Amelia Earhart

An undated picture taken in the 1930' s shows American female aviator Amelia Earhart at the controls of her plane. Seventy-five years after Amelia Earhart disappeared over the Pacific, a research team is setting off July 2, 2012 with high hopes of resolving the mystery surrounding the pioneering aviatrix. For the tenth time in 23 years, the International Group for Historic Aircraft Recovery (TIGHAR) will set off for Nikumaroro island in Kiribati to establish whether Earhart survived the apparent crash of her aircraft. "This time, we'll be searching for debris from the aircraft," TIGHAR's founder and executive director Richard Gillespie, himself a pilot and former aviation accident investigator, told AFP. Earhart vanished on July 2, 1937 at age 39 with navigator Fred Noonan during the final stage of an ambitious round-the-world flight along the equator in a twin-engine Lockheed Electra. The holder of several aeronautical records, including the first woman to cross the Atlantic by air, Earhart had set off from New Guinea to refuel at Howland Island for a final long-distance hop to California.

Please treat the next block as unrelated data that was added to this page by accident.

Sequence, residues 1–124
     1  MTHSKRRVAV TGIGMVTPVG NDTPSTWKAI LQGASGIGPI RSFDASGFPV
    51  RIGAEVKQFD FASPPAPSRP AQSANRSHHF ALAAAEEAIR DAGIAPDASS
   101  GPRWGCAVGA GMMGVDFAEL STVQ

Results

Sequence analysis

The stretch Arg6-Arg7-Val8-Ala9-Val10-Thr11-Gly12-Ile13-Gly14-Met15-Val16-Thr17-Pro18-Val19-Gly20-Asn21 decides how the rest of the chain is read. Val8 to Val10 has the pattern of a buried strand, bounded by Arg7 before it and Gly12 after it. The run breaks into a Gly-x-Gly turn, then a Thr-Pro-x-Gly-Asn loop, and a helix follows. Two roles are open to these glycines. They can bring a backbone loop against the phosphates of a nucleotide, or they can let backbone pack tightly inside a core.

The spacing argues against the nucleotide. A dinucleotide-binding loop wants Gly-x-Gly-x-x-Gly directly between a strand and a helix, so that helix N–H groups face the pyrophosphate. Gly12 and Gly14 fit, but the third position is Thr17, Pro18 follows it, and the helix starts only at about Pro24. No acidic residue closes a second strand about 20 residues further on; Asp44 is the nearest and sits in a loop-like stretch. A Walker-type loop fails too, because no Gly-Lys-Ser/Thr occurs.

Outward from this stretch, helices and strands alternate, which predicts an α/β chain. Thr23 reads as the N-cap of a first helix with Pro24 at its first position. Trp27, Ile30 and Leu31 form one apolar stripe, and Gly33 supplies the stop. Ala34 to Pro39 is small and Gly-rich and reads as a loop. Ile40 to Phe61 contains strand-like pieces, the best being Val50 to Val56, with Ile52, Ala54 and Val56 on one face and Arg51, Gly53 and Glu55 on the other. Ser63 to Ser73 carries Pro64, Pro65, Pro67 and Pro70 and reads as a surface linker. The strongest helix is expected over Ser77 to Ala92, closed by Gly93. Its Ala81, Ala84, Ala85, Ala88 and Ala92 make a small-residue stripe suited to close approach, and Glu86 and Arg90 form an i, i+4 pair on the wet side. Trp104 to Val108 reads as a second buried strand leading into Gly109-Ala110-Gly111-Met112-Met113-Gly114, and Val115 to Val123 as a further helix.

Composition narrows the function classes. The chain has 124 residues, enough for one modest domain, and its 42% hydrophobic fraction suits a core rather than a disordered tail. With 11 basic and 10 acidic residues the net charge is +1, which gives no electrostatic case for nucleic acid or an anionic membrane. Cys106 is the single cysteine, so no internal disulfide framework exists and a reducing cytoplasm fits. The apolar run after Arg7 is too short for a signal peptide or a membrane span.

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( AFP PHOTO/FILESSTAFF/AFP/GettyImages / July 2, 2012 )

An undated picture taken in the 1930' s shows American female aviator Amelia Earhart at the controls of her plane. Seventy-five years after Amelia Earhart disappeared over the Pacific, a research team is setting off July 2, 2012 with high hopes of resolving the mystery surrounding the pioneering aviatrix. For the tenth time in 23 years, the International Group for Historic Aircraft Recovery (TIGHAR) will set off for Nikumaroro island in Kiribati to establish whether Earhart survived the apparent crash of her aircraft. "This time, we'll be searching for debris from the aircraft," TIGHAR's founder and executive director Richard Gillespie, himself a pilot and former aviation accident investigator, told AFP. Earhart vanished on July 2, 1937 at age 39 with navigator Fred Noonan during the final stage of an ambitious round-the-world flight along the equator in a twin-engine Lockheed Electra. The holder of several aeronautical records, including the first woman to cross the Atlantic by air, Earhart had set off from New Guinea to refuel at Howland Island for a final long-distance hop to California.

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